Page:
Alexander Szameit of the Institute for Physics at Rostock's University of describes the genesis of his team's thinking as follows: "When light travels through an inhomogeneous medium, it is scattered. This influence rapidly transforms a tiny, directed beam into a diffuse glow and is familiar to us all from summer clouds and autumn fog." It's the microscopic density distribution of a substance that determines the characteristics of scattering. "The fundamental concept of induced transparency is to take advantage of a less-known optical property to clear a path for the beam, so to speak," says Szameit.
This less-known optical property is the nonlinearity of light propagation. It occurs when light waves interact with each other in a medium and can be used to tailor the properties of the medium. "If we subject a material to an intense laser pulse, the electrons in its atoms are excited," explains Szameit.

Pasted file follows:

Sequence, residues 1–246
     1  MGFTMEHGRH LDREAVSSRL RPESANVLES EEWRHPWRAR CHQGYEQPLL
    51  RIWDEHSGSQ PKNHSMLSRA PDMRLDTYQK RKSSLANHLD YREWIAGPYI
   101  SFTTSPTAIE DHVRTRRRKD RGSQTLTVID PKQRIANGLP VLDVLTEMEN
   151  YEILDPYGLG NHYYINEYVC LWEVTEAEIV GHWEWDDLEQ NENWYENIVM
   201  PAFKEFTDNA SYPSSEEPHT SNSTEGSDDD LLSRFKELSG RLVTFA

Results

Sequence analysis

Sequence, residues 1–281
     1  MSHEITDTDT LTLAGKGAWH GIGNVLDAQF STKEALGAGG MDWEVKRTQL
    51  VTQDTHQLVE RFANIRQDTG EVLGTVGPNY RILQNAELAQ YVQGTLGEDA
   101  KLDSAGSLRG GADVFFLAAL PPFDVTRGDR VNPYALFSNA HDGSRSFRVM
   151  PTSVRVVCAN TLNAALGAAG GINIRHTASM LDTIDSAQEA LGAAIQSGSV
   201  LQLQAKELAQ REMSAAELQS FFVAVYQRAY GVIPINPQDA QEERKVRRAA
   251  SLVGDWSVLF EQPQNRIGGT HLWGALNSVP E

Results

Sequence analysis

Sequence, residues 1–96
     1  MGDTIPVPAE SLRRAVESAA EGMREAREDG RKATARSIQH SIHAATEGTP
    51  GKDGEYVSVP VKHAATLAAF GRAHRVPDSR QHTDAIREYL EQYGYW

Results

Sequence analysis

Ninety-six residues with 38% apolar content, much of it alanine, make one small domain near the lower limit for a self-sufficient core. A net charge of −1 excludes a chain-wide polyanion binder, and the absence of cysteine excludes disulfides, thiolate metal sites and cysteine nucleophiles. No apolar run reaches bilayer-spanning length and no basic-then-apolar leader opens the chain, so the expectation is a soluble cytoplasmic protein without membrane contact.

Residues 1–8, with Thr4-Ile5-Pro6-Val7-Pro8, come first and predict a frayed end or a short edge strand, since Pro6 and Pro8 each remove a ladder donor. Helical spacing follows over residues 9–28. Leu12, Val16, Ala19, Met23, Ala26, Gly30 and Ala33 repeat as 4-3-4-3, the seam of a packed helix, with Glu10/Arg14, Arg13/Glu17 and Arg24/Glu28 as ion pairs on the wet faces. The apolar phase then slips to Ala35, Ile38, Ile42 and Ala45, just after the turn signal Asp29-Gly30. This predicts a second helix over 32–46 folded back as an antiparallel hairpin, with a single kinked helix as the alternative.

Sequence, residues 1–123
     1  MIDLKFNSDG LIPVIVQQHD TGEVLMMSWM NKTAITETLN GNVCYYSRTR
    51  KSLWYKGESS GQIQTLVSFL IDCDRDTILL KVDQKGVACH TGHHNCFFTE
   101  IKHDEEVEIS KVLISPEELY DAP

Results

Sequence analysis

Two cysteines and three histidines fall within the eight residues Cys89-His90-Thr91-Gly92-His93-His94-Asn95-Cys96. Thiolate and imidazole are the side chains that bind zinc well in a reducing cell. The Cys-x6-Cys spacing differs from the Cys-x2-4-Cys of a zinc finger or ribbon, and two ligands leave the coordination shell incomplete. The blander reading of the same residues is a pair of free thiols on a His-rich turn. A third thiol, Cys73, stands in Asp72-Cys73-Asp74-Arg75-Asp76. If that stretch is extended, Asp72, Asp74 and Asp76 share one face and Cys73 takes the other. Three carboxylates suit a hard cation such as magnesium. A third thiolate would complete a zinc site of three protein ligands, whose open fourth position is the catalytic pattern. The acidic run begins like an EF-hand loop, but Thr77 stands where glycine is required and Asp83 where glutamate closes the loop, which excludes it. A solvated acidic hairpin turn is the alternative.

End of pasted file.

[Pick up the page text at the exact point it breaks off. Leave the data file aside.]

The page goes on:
The second property of light, known in the field of photonics as non-Hermiticity, concerns energy flow or more accurately the amplification and attenuation of light. The effects associated intuitively may seem undesirable—particularly the fading of a light beam due to absorption would appear to be very counter-productive to the goal of increasing signal transmission. Nonetheless, non-Hermitian effects have advanced optics, and a whole community of study is devoted to utilizing the sophisticated interaction of losses and amplification for more useful features.